Open Access: The Federal Court’s Pilot Project for Online Access to Court Records

On September 12, 2022, the Federal Court introduced Phase One of its pilot project to provide the public and litigants with online electronic access to Court records.[1] The Courts are shifting to a more open public access that aligns with today’s digital reality.

The Federal Court has been leading Canada with facilitating access to information and records about active matters before the Court. The Federal Court was among the first courts to introduce online court record search capabilities and has indicated an intention to continue to modernize its functionality and redouble its efforts to shift away from being paper-based.

Prior to this pilot project the general public and the legal community who wanted to obtain copies of documents filed with the Federal Court could contact a registrar and obtain those documents by fax or email. However, the wait times were unpredictable and you often had to know what you were looking for before making the request. The alternative was to physically travel to the Registry office to review the Court file and pay for each document they wanted to obtain. In practice, this was a procedural hurdle that more often than not kept allegations contained in Court documents confined to the Court room.

While the Court has recognized concerns about security as a result of the online access to materials and the loss of “practical obscurity”, the Court anticipates that such cases will be rare.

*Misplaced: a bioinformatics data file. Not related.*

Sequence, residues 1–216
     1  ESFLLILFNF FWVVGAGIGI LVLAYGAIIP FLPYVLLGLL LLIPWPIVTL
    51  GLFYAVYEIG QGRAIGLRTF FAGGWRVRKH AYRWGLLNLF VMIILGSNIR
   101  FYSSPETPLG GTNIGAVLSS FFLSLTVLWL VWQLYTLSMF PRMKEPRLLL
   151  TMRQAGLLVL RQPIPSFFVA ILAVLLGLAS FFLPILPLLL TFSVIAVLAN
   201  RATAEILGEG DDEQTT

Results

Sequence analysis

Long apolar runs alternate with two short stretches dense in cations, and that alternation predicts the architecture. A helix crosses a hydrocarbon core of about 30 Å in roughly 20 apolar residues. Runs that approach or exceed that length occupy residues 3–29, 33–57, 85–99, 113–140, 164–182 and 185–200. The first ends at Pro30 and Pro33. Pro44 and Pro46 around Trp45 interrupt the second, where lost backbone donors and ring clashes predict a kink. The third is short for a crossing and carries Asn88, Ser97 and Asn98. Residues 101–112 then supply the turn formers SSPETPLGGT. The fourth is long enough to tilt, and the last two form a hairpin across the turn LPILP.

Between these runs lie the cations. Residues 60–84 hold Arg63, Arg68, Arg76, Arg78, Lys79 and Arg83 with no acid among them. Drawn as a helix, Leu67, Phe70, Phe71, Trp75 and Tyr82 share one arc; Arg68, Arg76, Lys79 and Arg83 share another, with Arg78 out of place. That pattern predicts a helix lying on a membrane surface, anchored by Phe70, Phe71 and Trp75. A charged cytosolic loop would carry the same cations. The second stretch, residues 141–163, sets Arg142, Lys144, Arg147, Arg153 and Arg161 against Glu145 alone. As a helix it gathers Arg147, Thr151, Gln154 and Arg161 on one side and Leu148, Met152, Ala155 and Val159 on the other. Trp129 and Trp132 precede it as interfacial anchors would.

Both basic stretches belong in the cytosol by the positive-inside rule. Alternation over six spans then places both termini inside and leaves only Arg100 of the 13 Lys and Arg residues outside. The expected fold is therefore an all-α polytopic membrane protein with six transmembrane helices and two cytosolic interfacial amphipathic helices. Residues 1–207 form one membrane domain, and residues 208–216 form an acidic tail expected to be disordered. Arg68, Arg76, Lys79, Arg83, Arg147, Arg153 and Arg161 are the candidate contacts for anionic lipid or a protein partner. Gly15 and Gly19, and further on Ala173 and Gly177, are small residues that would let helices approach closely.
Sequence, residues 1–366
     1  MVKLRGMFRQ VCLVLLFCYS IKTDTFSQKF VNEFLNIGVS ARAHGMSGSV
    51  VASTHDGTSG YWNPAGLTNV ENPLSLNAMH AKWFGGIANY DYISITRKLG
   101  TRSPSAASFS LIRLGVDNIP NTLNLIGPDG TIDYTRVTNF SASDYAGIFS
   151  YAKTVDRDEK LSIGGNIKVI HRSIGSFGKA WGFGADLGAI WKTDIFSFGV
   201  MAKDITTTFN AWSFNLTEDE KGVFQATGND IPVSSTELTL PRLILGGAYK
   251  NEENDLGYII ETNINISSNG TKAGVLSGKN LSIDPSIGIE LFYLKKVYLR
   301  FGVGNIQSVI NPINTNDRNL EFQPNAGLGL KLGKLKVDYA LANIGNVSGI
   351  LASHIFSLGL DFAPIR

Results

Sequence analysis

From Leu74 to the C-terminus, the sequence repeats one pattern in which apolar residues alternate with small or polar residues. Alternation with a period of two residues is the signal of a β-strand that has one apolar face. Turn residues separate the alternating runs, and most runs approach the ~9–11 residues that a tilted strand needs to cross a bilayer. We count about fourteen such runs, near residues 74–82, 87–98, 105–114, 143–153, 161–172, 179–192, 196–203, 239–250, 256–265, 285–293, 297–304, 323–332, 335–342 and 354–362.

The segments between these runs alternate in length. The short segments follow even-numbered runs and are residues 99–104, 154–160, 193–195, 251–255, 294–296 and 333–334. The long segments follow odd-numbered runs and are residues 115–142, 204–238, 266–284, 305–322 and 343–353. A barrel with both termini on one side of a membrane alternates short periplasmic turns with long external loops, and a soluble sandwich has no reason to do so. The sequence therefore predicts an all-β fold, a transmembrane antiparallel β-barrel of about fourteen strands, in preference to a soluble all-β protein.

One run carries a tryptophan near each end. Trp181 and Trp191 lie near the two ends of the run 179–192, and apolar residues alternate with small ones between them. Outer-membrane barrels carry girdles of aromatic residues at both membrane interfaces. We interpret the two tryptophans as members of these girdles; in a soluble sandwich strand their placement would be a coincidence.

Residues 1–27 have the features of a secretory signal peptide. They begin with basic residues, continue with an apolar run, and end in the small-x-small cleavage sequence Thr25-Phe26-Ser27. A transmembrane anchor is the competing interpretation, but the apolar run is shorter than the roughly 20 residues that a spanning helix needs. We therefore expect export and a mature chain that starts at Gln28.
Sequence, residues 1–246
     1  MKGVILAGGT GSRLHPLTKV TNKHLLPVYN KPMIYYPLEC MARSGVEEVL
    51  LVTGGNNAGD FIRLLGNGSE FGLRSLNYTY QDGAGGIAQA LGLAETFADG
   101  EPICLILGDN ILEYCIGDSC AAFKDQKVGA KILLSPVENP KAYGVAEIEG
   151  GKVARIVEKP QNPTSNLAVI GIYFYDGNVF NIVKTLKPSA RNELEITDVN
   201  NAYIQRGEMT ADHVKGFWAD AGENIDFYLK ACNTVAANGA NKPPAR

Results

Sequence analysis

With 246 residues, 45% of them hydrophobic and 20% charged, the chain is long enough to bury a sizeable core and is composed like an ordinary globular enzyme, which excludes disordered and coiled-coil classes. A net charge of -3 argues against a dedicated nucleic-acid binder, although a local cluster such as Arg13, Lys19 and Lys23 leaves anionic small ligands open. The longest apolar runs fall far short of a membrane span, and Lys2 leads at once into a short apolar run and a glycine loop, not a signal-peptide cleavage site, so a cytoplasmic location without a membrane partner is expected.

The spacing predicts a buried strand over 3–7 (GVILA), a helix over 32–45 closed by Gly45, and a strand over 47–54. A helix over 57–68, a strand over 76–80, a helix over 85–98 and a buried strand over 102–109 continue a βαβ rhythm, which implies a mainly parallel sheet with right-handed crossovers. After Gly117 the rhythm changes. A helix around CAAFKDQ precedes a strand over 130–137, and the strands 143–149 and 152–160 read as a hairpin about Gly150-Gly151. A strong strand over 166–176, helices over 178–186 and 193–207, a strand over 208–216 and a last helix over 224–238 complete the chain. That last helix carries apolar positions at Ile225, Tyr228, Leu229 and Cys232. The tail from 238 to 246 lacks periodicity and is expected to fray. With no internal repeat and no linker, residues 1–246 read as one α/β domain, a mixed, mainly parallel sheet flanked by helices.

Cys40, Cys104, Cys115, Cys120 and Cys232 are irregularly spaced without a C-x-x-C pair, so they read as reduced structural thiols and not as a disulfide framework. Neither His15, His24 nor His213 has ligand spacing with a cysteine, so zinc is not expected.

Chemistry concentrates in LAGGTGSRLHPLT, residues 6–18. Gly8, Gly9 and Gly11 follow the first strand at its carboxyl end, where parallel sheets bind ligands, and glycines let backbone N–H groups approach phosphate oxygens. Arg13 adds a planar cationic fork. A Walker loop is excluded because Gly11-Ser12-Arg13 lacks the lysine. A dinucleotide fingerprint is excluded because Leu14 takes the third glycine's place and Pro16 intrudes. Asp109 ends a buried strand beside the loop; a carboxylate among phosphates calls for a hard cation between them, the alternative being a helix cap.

During this initial phase, only pleadings, written arguments, and court-generated documents (orders, directions, reasons, judgments) for matters that are commenced after September 12, 2022 will be available online through the Federal Court’s website.[2]

If there are concerns that the materials being available online will create a serious risk that there will be a material adverse impact on personal dignity or security of an individual, then at the time of filing the material through the online platform the party filing the document may request that all or part of the records be exempt from online access. Such requests may be made informally in letter format, and other parties will have the opportunity to respond.[3]

The Court member determining the request will have full discretion to determine the matter and may consider: the nature of the information and the proceeding; the extent to which the concerns raised exceed the usual discomfort or potential embarrassment inherent in involvement in litigation and the disclosure of information in open court; and the relationship between the concerns identified and the values underlying the open court principle.

The information and comments herein are for the general information of the reader and are not intended as advice or opinion to be relied upon in relation to any particular circumstances. For particular application of the law to specific situations, the reader should seek professional advice.




[3] The potential exemption from online access does not affect the availability of, or requirements for, a confidentiality or sealing order. Documents containing confidential information should not be filed through the online portal.

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